But, things are SO cheap here!
The Gulf was one of the few places I’ve lived where many of my teaching colleagues hired help each week, especially for house cleaning and car washing. For less than US $10, a teacher could hire the services of a cleaner for an entire weekend afternoon. Call me crazy, but I like doing my own cooking and cleaning so I never went the way of many other expats while I was living there.
During my first two years in Oman, college administration officials allowed faculty to have their cars washed on campus. This practice gave some of the college-sponsored laborers the opportunity to add to monthly salaries as low as RO 40, or a little over US $100. I was accused more than once by co-workers of ‘spoiling’ the system because it was difficult for me to pay one of these laborers the equivalent of US $1.00 for hand-washing the exterior and cleaning the interior of my car in temps that would bring on heatstroke for an average person. In reality, I wasn’t alone in paying more than the standard rate for such services.
Examples of the low cost of services in Oman varied from US $10 for a complete car wash, polish and interior cleaning at a car detailing businesses in Salalah, in Oman’s southern Governorate of Dhofar, to less than US $1 that an Ayurvedic clinic in the city of Sohar paid one of their staff massage therapists for giving a one-hour, full-body massage. As a customer, the Ayurvedic clinic charged the equivalent of US $30 for the massage, so with cheap rent and very low government taxes, it was clear that a business could turn a nice profit in such an environment.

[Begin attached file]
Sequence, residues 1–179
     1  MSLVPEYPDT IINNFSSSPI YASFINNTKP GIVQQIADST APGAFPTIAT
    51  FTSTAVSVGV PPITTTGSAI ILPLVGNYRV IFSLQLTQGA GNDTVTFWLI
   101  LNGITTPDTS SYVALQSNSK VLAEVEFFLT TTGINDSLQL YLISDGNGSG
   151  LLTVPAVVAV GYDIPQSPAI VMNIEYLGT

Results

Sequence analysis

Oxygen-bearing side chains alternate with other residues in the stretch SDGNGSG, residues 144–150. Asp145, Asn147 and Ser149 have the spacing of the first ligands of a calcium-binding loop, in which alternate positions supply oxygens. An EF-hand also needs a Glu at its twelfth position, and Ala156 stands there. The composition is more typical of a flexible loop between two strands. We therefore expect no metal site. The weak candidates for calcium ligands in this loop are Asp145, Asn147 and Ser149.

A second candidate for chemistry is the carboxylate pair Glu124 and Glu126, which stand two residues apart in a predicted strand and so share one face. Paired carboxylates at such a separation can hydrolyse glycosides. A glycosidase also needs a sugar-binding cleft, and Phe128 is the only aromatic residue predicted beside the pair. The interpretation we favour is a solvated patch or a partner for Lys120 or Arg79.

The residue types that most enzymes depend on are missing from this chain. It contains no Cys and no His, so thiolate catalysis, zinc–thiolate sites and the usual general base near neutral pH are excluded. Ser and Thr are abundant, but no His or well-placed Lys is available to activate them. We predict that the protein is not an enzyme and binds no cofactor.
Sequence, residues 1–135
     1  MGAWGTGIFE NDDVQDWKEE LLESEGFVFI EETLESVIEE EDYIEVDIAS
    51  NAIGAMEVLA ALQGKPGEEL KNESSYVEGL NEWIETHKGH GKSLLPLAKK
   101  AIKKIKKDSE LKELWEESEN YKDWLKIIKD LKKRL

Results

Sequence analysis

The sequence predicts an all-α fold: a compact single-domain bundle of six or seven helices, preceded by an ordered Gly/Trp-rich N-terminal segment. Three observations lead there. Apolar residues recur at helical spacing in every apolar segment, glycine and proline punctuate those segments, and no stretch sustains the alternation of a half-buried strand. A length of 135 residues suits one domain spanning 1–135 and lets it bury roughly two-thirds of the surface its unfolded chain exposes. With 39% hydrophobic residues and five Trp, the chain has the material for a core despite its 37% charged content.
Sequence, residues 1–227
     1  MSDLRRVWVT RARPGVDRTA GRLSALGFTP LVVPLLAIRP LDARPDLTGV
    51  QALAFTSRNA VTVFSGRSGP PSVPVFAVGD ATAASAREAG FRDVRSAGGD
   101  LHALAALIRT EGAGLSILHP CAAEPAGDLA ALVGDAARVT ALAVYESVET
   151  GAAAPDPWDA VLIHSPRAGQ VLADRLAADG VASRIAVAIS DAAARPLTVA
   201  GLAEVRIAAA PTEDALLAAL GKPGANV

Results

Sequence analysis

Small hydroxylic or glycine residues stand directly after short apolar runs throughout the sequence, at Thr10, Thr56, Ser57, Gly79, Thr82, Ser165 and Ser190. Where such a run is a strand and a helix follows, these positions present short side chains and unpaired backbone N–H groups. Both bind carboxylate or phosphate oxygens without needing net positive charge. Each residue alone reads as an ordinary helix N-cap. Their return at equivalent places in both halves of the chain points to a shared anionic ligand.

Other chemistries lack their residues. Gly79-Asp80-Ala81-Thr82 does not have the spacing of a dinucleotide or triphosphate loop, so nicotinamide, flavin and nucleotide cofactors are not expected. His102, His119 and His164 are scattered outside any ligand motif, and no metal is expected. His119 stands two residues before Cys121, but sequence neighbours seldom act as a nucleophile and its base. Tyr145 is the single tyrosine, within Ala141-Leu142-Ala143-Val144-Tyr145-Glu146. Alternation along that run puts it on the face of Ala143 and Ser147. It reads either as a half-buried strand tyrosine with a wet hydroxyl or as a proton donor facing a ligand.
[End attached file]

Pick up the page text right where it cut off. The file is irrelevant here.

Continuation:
Low wages paid to migrant workers meant that a 1-hour visit by a plumber or electrician would usually cost less than $10, plus parts. These were additional situations where I’d often be admonished by my colleagues for tipping anyone and everyone more than they thought was appropriate, therefore spoiling the system they’d come to enjoy. When the job was finished, a plumber or electrician would rarely offer a total cost when a Westerner would ask “how much?” Their standard response was “whatever you think,” since they were wise enough to realize the Westerner was accustomed to paying high prices back in their home countries for such services. In this way, they left open the possibility that they might be paid more than they would otherwise ask for, almost certainly more than an Omani customer would pay under the same conditions.
Another lesson I quickly learned was not to underestimate the intelligence of a worker simply because they held a low-paying job. Many of the laborers I encountered were bright and had developed ‘street smarts’, depending on the amount of time they’d spent in the Gulf. I recall one janitor at the college who could always be depended on to rattle off the daily exchange rates for a number of world currencies, while another appeared to possess all the skills necessary to perform the duties of an office manager. What they were usually lacking, however, was a formal education (and the paper proof thereof) along with the personal connections (references) required from those in positions of power in order to have a chance for a better job.
The main point I took away from all this was that placing Omani citizens in construction, plumbing and electrical jobs, along with significantly higher government-mandated salaries, would raise the prices of housing and repair services for everyone. And, of course Omanis would prefer to avoid such cost of living adjustments. Providing well-paying jobs for their rapidly growing populations without inflating prices for essential services will be one of the most difficult aspects of each Gulf state’s transition from an over-reliance on oil revenues to a more diversified and sustainable economy.
While packing up after class one day at the university, two female Omani students asked me how much it cost to employ a maid in the USA. Since I didn’t (and still don’t) personally know anyone who’s rich enough to have a full-time housekeeper in America, I chuckled at the naiveté of their question before making up what I felt to be a conservative figure of between $1,500 and $2,000 per month.